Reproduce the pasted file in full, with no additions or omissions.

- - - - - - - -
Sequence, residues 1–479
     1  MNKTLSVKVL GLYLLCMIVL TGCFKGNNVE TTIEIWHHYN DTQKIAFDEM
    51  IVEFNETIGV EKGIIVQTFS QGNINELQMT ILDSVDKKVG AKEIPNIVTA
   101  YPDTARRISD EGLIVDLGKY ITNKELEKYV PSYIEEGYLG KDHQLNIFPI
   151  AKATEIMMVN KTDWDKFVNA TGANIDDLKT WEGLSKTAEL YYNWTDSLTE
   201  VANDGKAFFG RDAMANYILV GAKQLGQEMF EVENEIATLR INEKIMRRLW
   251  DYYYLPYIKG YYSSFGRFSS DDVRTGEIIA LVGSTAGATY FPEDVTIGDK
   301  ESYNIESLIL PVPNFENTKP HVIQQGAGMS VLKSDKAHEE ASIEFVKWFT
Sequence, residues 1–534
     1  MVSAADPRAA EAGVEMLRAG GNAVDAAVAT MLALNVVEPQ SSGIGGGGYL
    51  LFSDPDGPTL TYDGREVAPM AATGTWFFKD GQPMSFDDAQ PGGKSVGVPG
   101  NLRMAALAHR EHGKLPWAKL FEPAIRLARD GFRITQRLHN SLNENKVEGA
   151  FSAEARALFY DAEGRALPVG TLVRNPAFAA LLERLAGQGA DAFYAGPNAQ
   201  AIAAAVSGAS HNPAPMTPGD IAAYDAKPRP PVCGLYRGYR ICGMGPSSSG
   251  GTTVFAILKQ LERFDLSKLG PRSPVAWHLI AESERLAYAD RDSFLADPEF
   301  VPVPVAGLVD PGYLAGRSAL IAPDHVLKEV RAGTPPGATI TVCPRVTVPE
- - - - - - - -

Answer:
Sequence, residues 1–479
     1  MNKTLSVKVL GLYLLCMIVL TGCFKGNNVE TTIEIWHHYN DTQKIAFDEM
    51  IVEFNETIGV EKGIIVQTFS QGNINELQMT ILDSVDKKVG AKEIPNIVTA
   101  YPDTARRISD EGLIVDLGKY ITNKELEKYV PSYIEEGYLG KDHQLNIFPI
   151  AKATEIMMVN KTDWDKFVNA TGANIDDLKT WEGLSKTAEL YYNWTDSLTE
   201  VANDGKAFFG RDAMANYILV GAKQLGQEMF EVENEIATLR INEKIMRRLW
   251  DYYYLPYIKG YYSSFGRFSS DDVRTGEIIA LVGSTAGATY FPEDVTIGDK
   301  ESYNIESLIL PVPNFENTKP HVIQQGAGMS VLKSDKAHEE ASIEFVKWFT
Sequence, residues 1–534
     1  MVSAADPRAA EAGVEMLRAG GNAVDAAVAT MLALNVVEPQ SSGIGGGGYL
    51  LFSDPDGPTL TYDGREVAPM AATGTWFFKD GQPMSFDDAQ PGGKSVGVPG
   101  NLRMAALAHR EHGKLPWAKL FEPAIRLARD GFRITQRLHN SLNENKVEGA
   151  FSAEARALFY DAEGRALPVG TLVRNPAFAA LLERLAGQGA DAFYAGPNAQ
   201  AIAAAVSGAS HNPAPMTPGD IAAYDAKPRP PVCGLYRGYR ICGMGPSSSG
   251  GTTVFAILKQ LERFDLSKLG PRSPVAWHLI AESERLAYAD RDSFLADPEF
   301  VPVPVAGLVD PGYLAGRSAL IAPDHVLKEV RAGTPPGATI TVCPRVTVPE